China | New Chinese-language factsheets from UN expert on right to peaceful assembly and association provide valuable resource in face of major crackdown

In the long shadow of Tiananmen, freedom of association and assembly in China are more threatened and more important than ever. ISHR, in partnership with the UN Special Rapporteur on freedom of peaceful assembly and association, Maina Kiai, has launched a new series of Chinese language translations of the Rapporteur’s thematic factsheets.

In his final speech to the UN General Assembly, Maina Kiai reminded the States and stakeholders listening that the rights to freely associate and peacefully assemble are fundamental to the development and exercise of democratic, economic and social rights, and respect for individual freedoms. 

Maina Kiai took up his mandate in 2010, after the UN Human Rights Council adopted a resolution recognising the need for an independent expert to look into the erosion of assembly and association rights worldwide.The appointment of the Special Rapporteur by the Human Rights Council was an important step in filling gaps in the global understanding of good practices in, and challenges to, assembly and association rights. Critically, in this position Kiai has prioritised making the content of his reports accessible to a broad audience through the publication of factsheets.

ISHR, in recognition of Kiai's five and a half years of work to support human rights and civil society, has undertaken a project to provide Chinese language translations of key factsheets. This project aims to empower human rights defenders in the country to understand and exercise their fundamental freedoms, and to be heard at the UN and at home. 

Kiai reflected in his speech on 20 October, ‘My time in the mandate has covered a period during which the world faced a series of severe crises… it was – and still is – a time when assembly and association rights were needed most, as an avenue for people to peacefully speak out'.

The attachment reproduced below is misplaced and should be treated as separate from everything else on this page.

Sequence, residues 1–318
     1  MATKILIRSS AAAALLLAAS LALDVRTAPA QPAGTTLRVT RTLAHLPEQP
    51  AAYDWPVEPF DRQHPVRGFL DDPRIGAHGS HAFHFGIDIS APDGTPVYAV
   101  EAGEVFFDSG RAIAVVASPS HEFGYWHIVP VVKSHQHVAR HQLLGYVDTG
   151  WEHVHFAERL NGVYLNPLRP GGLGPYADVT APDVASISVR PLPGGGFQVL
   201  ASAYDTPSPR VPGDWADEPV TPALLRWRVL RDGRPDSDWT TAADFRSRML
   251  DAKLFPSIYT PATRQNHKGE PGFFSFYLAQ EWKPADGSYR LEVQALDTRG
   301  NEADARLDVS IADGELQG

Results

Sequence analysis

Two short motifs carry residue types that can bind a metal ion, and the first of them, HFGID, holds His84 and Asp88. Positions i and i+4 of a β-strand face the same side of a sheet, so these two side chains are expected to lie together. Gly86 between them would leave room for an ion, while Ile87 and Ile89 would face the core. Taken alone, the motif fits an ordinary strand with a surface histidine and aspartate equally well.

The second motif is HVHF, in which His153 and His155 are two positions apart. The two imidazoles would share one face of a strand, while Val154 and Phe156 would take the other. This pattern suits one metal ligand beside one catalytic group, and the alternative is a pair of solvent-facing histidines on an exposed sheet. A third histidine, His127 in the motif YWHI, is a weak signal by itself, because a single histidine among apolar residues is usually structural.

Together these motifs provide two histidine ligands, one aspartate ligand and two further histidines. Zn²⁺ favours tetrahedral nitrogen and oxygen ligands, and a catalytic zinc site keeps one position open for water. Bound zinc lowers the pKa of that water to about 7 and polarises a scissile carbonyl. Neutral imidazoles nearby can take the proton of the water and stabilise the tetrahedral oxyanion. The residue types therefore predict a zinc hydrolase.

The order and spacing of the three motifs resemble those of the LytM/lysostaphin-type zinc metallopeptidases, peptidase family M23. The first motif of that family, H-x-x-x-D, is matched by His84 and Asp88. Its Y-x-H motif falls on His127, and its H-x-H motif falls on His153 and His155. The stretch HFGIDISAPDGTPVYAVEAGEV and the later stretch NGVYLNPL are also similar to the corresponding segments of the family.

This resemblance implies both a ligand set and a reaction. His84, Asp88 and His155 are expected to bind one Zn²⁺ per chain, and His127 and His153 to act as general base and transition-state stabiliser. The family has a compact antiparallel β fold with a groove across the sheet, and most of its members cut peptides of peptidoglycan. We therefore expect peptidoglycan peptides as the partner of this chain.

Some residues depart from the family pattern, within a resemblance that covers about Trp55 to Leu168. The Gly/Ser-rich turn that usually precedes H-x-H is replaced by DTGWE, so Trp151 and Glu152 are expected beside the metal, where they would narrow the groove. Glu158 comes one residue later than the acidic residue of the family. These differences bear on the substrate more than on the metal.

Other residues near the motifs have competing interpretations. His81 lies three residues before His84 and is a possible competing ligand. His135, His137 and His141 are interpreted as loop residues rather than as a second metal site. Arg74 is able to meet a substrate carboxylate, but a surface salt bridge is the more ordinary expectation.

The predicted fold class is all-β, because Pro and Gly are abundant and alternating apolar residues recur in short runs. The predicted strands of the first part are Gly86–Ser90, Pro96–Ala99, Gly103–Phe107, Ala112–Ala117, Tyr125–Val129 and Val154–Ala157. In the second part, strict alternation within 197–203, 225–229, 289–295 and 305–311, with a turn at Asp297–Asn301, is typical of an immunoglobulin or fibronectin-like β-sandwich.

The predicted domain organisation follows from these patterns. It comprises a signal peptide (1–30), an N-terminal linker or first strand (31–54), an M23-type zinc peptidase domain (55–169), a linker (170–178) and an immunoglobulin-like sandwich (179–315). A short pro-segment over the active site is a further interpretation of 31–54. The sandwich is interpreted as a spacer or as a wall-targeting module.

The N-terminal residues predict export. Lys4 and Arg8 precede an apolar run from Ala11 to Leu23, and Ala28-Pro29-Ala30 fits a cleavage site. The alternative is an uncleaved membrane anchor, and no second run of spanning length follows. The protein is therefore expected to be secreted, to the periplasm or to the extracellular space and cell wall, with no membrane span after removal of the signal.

‘Unfortunately, many governments have reacted to these crises by taking destructive and counter-productive measures.The message from this trend is clear: Many of those in power often don’t want to hear what people have to say’.

Fundamental challenges to fundamental rights

China is no different. While these rights are in principle commonly accepted, and indeed acknowledged in the Chinese Constitution, what is less known in China are the underpinnings in international human rights law and standards that guarantee these rights. The questions that arise for defenders in China are complex and reflect a reality of suppression of dissent: When can the State require advance notice for demonstrations, or limit or restrict freedom of association? What are the State’s obligations to facilitate freedom of assembly? Is it necessary to be a registered organisation in order to get funds?

Says one Chinese human rights defender, ‘We [in civil society] discuss these questions all the time. In China, there is so much tension between peaceful demonstrations and the authorities’ need to “protect national security”. We feel it is wrong, but just don’t know how to respond’.